There’s probably some ways that my own self and personal story came along for sure. It’s what an actor does—brings themselves because they can’t be avoided. I did live in southeastern Vermont growing up, so I know the cold, sparse, under-the-poverty-line way of life in a northeastern clime. A great deal of pride in New York State that I do have, and the great vastness that New York State in fact is—from our beautiful coast to our incredible, albeit small, but amazing, mountains.
You said you were looking within yourself. Would you call yourself a Method actress?
Yes, I am very proudly a Method actor. There’s a little misfortune with how that term is misused at times, but yes indeed a Method actress.
Did you do any special to research this role?
Well the most special research tool I had was Courtney Hunt herself. And you know, again, it’s sort of a twofold thing of having had the experience of playing Ray Eddy, though I didn’t know her name, in the short. Then living with her there in my heart, for sure, hoping that we would get to actualize the film—the feature—and traveling around and doing other jobs and perhaps seeing a woman’s haircut and going, “Oh, there’s Ray’s hair.” You know that sort of slow, without a pen and paper; just a slow gestation with Ray was very, very helpful to me. I also made sure that I would not… that Melissa would not have any inconveniences of sniffles or the flu or uncomfortableness in the cold, and really prepared myself in a gym by getting myself as fit as possible before shooting, and in a sauna at the local YMCA up in Plattsburgh to regulate my temperature so that I would not suffer from the environment in a way that I might have without that kind of preparation. And then just a deep, abiding love of living in my imagination. It was so clearly scripted on the page, who she was, I didn’t need to fabricate that stuff, but simply lived in her, who I had met on the page.
You say you stuck very closely to the script but the film does have a very improvisational feel, and I think that’s a testament to the acting on one hand, but also to the way it was filmed.
I think all of us there—from costume makers to art design, to our beautiful shooter Reed [Morano]—all really understood, again from Courtney’s amazing screenplay, that what we needed was something very real. We didn’t need it to look prettier, and we didn’t need it to look more barren; we needed it to look as it was. Courtney chose very carefully as she cast, and chose very carefully as she shot, in spite of it being this really minimal amount of time to shoot in. She would walk away from the scene when she thought she had it, and she would stay until she got the scene when she needed to. I think a lot of the work she was doing in that was the evening out of performance so that nobody would stand out either as acting too much or not an actor and uncomfortable.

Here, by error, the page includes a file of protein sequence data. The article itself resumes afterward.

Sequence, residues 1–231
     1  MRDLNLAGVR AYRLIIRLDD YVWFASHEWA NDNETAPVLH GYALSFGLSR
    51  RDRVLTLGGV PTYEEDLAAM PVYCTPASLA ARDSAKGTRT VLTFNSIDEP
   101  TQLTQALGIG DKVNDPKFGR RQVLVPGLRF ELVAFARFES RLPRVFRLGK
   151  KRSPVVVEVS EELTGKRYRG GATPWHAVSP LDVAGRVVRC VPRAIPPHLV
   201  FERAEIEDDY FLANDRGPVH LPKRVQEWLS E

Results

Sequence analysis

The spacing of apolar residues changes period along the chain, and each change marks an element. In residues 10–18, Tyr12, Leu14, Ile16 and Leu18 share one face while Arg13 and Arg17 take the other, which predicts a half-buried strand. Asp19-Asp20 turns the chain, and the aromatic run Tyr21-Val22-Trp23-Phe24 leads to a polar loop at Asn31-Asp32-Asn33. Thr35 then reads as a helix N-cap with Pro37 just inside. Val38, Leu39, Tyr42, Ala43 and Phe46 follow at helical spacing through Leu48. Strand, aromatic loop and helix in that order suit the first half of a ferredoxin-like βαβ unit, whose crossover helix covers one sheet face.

Wow, you’re a real champion of Courtney Hunt, aren’t you?
And she is a champion of me. She could have made her movie long ago if she had taken a name that was more familiar with people than mine.
The film struck me as almost less nihilistic Thelma & Louise—two women who are drawn together by the desire to survive rather the desire to throw caution to the wind. Did you have that feeling?
I’m not a movie watcher so I’ve never seen Thelma & Louise.
Do you ever watch your own movies?
I watch my own work all the time, and it’s not what it might sound like there. I watch my own work because I can learn from it. I always do. I can watch myself easily. I don’t sit there judging it—I see what’s wrong with it, for sure—but I don’t take it as some grand admonishment on me. I take from it what I can learn: “Oh that’s too much of a reaction on my face. I can lessen that and you’ll still know what I’m feeling.” Watching things that me and a director had talked about and tried to help work and, “Did we nail it? Oh yeah we did—oh, kind of missed there!” That kind of watching for me is a vital part of what I do. I trust my opinion better than anybody else’s opinion. I don’t have vanity and ego. It’s all much more practical to me than that.